The `random`

method generates a
random number between 0 and 1. To increase the range, multiply the
result by the upper end of the range of values you want. If you need a
random number with a higher lower end, such as a number between 5 and
10, multiply the value from `random`

by
a number equal to the upper range, minus the lower range, minus 1, and
then add the lower range to the result:

var randomNumber = Math.floor(Math.random() * 6) + 5;

The `floor`

method rounds down
the floating-point value to the nearest integer.

Use the `Math`

object to randomly
generate each RGB (Red-Green-Blue) value:

function randomVal(val) { return Math.floor(Math.random() * val); } function randomColor() { return "rgb(" + randomVal(255) + "," + randomVal(255) + "," + randomVal(255) + ")"; }

Web color can be expressed either in hexadecimal notation, or as an RGB value. With the RGB value, each color is represented as a number between 0 and 255. The example demonstrates one technique to generate a color, using one function to randomly generate the number, and a second to return an RGB formatted string.

Older browsers may not support the RGB notation. To use a
hexadecimal notation, the `randomColor`

function can be altered to:

function randomColor() { // get red var r = randomVal(255).toString(16); if (r.length < 2) r= "0" + r; // get green var g = randomVal(255).toString(16); if (g.length < 2) g= "0" + g; // get blue var b = randomVal(255).toString(16); if (b.length < 2) b= "0" + b; return "#" + r + g + b; }

The hexadecimal notation is used
(* #ffffff*), and the generated decimal number
is converted to hexadecimal notation, using the

`Number`

object’s `toString`

method. Since a decimal value of
something like zero converts to a single-digit character and the format
needs to be double-digit, the length is tested and modified
accordingly.All the target browsers support both the RGB and hexadecimal notation, except IE7, which only supports hexadecimal.

See Recipe 4.1 about converting between decimal and hexadecimal notation, and Recipe 4.3 for how to randomly generate numbers.

Access the numbers using the Document Object Model (DOM) API, and
use the global function `parseInt`

to convert the
strings to number values:

var rows = document.getElementById("table1").children[0].rows; var numArray = new Array(); for (var i = 0; i < rows.length; i++) { numArray[numArray.length] = parseInt(rows[i].cells[1].firstChild.data); }

The `parseInt`

global function
has two arguments: a required numeric string, and an optional radix (base). If the radix is not provided, it’s assumed
to be 10, for decimal.

If the string provided doesn’t contain a number, `NaN`

is returned. If the string contains a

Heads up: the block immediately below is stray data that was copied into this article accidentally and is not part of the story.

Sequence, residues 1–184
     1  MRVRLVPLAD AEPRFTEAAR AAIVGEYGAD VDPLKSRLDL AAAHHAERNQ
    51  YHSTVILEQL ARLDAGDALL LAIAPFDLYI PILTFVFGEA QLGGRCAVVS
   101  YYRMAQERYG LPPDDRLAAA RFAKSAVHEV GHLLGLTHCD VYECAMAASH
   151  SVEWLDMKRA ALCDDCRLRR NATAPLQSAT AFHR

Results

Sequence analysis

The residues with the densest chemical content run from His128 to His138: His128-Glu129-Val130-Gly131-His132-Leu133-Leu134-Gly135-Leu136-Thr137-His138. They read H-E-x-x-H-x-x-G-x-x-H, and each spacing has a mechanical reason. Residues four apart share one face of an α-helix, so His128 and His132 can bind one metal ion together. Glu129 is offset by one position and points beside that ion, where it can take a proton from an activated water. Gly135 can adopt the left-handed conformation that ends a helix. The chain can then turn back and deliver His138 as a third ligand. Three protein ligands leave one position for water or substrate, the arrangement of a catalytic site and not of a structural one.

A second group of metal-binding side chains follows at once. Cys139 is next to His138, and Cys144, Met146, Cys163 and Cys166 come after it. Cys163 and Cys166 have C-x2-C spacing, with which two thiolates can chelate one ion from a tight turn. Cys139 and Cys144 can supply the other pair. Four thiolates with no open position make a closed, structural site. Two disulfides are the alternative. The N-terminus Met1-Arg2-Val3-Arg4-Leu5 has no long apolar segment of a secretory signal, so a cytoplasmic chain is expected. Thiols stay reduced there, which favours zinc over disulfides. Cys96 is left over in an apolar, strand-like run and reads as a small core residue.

partial number, the parser will convert the number up to the point where
a nonnumeric value is reached, and return the result:

var numString = "133 hectares"; var numHectares = parseInt(numString); // returns 133

If the number is in floating-point format, `parseInt`

stops when it reaches the decimal,
and returns just the integer part of the number. If the string could
contain a floating-point number and you want the result to be a
floating-point number, use the `parseFloat`

global
function, instead:

var numString = "1.458 hectares"; var fltNum = parseFloat(numString); // returns 1.458

You want to traverse all of the values in a table column, convert the values to numbers, and then sum the values.

Traverse the table column containing numeric values, convert to numbers, and sum the numbers:

var sum = 0; // use querySelector to find all second table cells var cells = document.querySelectorAll("td:nth-of-type(2)"); for (var i = 0; i < cells.length; i++) sum+=parseFloat(cells[i].firstChild.data);

Both global functions `parseInt`

and `parseFloat`

convert
strings to numbers, but `parseFloat`

is
more adaptable when it comes to handling numbers in an HTML table.
Unless you’re absolutely certain all of the numbers will be integers,
`parseFloat`

can work with both
integers and floating-point numbers.

As you traverse the HTML table and convert the table entries to numbers, sum the results. Once you have the sum, you can use it in a database update, print it to the page, or pop up a message box, as the solution demonstrates.

You can also add a sum row to the HTML table. Example 4-1 demonstrates how
to convert and sum up numeric values in an HTML table, and then how to
insert a table row with this sum, at the end. The code uses `document.querySelectorAll`

, which uses a CSS
selector, * td + td*. This selector finds all
table cells that are preceded by another table cell.

Example 4-1. Converting table values to numbers and summing the
results

<!DOCTYPE html> <html xmlns="http://www.w3.org/1999/xhtml"> <head> <title>Accessing numbers in table</title> <script type="text/javascript"> //<![CDATA[ window.onload=function() { var sum = 0; var dataTable = document.getElementById("table1"); // use querySelector to find all second table cells var cells = document.querySelectorAll("td + td"); for (var i = 0; i < cells.length; i++) sum+=parseFloat(cells[i].firstChild.data); // now add sum to end of table var newRow = document.createElement("tr"); // first cell var firstCell = document.createElement("td"); var firstCellText = document.createTextNode("Sum:"); firstCell.appendChild(firstCellText); newRow.appendChild(firstCell); // second cell with sum var secondCell = document.createElement("td"); var secondCellText = document.createTextNode(sum); secondCell.appendChild(secondCellText); newRow.appendChild(secondCell); // add row to table dataTable.appendChild(newRow); } //--><!]]> </script> </head> <body> <table id="table1"> <tr> <td>Washington</td><td>145</td> </tr> <tr> <td>Oregon</td><td>233</td> </tr> <tr> <td>Missouri</td><td>833</td> </tr> </table> </body> </html>